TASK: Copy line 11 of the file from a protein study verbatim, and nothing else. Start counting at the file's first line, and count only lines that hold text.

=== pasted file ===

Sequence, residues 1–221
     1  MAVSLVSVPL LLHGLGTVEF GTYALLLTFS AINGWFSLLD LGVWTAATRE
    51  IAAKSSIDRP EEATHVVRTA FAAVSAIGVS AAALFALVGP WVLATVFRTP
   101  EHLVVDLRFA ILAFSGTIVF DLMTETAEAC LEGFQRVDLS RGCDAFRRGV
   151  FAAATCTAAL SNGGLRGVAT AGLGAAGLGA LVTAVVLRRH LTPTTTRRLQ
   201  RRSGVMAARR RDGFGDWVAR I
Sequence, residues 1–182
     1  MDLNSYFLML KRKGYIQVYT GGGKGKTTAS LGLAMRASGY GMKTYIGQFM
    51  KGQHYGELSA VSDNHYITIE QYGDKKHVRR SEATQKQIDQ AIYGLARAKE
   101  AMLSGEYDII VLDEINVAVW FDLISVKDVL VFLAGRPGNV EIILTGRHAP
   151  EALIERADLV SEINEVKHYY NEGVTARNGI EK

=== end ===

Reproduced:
   151  EALIERADLV SEINEVKHYY NEGVTARNGI EK